Socialist Rent Restructuring Is Not the Answer

By Adriana Cohen

April 24, 2020 5 min read

Liberals never let a crisis go to waste, and sadly for America's landlords and real estate developers, the current pandemic is no exception.

Far-left lawmakers including members of "The Squad," Reps. Ilhan Omar, D-Minn., Alexandria Ocasio-Cortez, D-N.Y., Rashida Tlaib, D-Mich., and Ayanna Pressley, D-Mass., are exploiting the crisis to advance their social justice warrior agenda at the expense of property owners. They seek to punish landlords by forcing them to provide free rent for all tenants impacted by the coronavirus.

Don't let them. For if Omar's bill, introduced last week and titled the "Rent and Mortgage Cancellation Act of 2020,'' gets passed, it'll be a disaster for our economy, job creation, tenants, landlords, real estate developers, banks and even state governments whose budgets will suffer massive tax revenue loses as a result.

Omar's bill says all renters and mortgage holders don't have to pay their monthly rents or mortgage obligations — regardless of income. A rent moratorium that lasts for one calendar month following the end of the national emergency. A crisis, mind you, that could extend for many months as experts predict a resurgence of the virus in the fall and winter.

"Landlords need to show compassion and humanity for those impacted by the coronavirus but economically capable renters should not view this moment as a chance for a free ride," one of Boston's largest apartment owners, Bruce A. Percelay, chairman of the Mount Vernon Company said in a statement. "Respecting contracts and obligations are what keeps our system together and when that ethic begins to disappear, the threads that hold everything together will fall apart."

The bill calls for the creation of a government fund to be established and run by the Department of Housing and Urban Development where landlords can go to recoup crushing rental income losses. Here's the kicker: They'll only qualify for relief if they accept a laundry list of misguided requirements such as a five-year rent freeze and other over-the-top demands only a radical liberal or card-carrying socialist could love.

Some of these extreme demands require landlords to be barred from refusing to rent to ex-convicts, those with bad credit histories or illegal immigrants.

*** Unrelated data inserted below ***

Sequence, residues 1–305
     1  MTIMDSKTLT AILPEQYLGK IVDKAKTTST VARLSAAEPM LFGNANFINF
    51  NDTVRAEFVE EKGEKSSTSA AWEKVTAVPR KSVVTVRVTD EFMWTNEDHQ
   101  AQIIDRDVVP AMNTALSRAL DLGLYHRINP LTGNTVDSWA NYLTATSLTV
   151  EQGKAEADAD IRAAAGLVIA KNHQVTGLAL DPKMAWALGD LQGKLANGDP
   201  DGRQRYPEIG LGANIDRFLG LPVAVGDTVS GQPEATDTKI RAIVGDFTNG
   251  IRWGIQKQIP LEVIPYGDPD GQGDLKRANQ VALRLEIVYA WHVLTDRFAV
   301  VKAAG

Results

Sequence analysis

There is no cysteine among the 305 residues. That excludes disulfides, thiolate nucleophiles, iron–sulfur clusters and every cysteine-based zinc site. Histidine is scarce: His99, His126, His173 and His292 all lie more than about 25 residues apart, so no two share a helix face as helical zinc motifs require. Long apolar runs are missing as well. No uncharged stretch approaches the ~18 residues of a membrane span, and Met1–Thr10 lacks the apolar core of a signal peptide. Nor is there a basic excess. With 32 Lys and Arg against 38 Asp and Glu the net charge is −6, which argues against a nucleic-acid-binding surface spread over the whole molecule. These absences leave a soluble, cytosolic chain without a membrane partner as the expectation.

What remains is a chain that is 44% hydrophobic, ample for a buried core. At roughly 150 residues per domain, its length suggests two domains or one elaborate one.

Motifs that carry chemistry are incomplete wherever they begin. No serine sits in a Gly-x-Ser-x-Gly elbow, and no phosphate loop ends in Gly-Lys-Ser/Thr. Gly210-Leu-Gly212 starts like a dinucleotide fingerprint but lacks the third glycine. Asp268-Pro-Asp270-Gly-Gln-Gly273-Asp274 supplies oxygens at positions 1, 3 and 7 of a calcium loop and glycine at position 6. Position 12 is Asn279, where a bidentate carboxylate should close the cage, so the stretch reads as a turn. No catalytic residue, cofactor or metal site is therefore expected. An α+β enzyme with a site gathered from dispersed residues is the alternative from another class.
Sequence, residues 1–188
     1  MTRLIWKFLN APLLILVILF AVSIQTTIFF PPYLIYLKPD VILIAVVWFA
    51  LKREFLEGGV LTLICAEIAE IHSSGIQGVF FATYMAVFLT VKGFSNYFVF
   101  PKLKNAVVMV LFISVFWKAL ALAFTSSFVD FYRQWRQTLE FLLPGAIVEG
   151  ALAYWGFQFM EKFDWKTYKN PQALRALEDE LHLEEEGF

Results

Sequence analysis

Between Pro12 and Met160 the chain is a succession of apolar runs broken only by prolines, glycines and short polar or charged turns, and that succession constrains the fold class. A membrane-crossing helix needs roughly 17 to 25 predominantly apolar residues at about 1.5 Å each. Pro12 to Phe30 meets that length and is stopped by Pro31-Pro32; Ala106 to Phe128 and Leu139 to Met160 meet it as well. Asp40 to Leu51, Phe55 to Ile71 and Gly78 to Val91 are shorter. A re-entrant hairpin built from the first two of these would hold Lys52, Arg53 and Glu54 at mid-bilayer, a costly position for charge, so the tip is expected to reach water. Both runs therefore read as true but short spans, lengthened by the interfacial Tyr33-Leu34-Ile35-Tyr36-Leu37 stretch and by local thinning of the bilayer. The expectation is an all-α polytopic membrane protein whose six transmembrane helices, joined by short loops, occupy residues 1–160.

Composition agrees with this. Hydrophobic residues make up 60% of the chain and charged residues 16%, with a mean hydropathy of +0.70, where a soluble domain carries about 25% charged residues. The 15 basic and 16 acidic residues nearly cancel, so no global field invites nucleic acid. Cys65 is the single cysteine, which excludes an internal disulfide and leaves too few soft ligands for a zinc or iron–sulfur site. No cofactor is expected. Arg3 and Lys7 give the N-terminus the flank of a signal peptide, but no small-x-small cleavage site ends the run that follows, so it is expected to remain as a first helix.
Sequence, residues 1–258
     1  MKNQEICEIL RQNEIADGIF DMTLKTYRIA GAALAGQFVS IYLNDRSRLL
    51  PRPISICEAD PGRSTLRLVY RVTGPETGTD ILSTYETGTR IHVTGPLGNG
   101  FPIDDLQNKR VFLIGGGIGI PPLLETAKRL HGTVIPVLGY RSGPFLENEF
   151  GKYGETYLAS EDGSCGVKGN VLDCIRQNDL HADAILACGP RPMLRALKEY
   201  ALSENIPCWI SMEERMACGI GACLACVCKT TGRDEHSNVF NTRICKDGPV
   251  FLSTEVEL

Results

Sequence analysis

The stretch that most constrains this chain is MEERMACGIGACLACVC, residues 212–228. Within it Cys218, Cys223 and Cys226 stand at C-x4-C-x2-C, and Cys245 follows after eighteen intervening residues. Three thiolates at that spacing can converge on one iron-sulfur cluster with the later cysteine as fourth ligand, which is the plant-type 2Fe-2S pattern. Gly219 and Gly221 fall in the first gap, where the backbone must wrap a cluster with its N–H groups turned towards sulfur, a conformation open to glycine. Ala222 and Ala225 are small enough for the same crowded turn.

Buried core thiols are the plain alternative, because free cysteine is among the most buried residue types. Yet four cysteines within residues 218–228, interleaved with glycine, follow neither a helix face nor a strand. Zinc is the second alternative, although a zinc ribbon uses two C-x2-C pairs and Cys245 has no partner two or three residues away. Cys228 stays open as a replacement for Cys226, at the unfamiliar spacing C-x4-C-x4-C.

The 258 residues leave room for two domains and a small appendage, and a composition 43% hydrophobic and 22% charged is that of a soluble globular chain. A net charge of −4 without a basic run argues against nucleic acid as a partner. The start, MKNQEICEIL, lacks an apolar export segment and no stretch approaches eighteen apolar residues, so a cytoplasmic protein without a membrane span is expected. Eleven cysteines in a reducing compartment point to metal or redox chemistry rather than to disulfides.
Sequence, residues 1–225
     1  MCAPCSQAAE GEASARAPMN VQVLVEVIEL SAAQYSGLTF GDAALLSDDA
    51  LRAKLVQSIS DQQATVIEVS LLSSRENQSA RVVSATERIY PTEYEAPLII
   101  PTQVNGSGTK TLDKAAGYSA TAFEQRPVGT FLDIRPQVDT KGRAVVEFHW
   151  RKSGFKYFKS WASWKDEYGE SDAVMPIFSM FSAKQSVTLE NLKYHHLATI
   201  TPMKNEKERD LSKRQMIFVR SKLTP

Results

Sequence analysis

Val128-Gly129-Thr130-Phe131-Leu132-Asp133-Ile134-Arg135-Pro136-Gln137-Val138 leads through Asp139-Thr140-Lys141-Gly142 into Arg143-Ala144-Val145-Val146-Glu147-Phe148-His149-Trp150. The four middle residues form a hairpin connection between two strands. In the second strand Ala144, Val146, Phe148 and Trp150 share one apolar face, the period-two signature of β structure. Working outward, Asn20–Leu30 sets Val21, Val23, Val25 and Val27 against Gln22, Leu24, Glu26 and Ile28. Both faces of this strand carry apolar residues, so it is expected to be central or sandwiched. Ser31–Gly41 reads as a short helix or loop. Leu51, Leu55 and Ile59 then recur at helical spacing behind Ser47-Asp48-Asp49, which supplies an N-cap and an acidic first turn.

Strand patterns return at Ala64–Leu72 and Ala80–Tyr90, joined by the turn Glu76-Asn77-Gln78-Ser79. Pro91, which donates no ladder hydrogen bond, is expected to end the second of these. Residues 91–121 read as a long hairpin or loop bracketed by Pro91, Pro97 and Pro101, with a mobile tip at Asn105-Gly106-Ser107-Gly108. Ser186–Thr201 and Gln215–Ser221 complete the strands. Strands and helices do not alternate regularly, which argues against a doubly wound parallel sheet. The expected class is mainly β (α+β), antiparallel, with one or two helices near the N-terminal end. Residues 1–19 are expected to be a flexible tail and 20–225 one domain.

It's worth stating the obvious that if landlords don't get paid by their tenants, then they will no longer have the funds available to do maintenance repairs or other needed property improvements. It also doesn't protect tenants, or society, if landlords go broke and have to default on their loans. Apartment buildings could go into foreclosure, teeing up another banking crisis.

"Those activists who are calling for a national rent strike are creating a risk of economic anarchy which will damage our system beyond repair and ultimately hurt those who it is trying to help," said Percelay. "Mass foreclosures of rental properties both large and small will result in diminished supply and financial havoc."

Not to mention the loss of hundreds of thousands of jobs. Real estate developers who get burned financially on lost rental income would no longer build housing units, hotels, restaurants and other properties, which means lost jobs for construction workers and related industries.

A far better approach is to have tenants work something out privately with their landlords. Get on a reasonable payment plan that works for both parties without the government inserting itself. When the government does intervene, it inevitably fails to understand the chilling ripple effect these "feel good" measures inflict long term.

It's important to note that many states have already passed bills that protect tenants from being evicted for failing to pay their rent during the crisis. That's a good thing. We want protections in place for citizens who are truly struggling. But expecting landlords to foot the bill for all tenants regardless of income goes too far.

"Putting landlords and lenders in the middle of a socialist restructuring of the housing market is not the answer," said Percelay.

Adriana Cohen is a nationally syndicated columnist with Creators Syndicate. Follow her on Twitter @AdrianaCohen16. To find out more about Adriana Cohen and read her past columns, please visit the Creators Syndicate webpage at www.creators.com.

Photo credit: Life-Of-Pix at Pixabay

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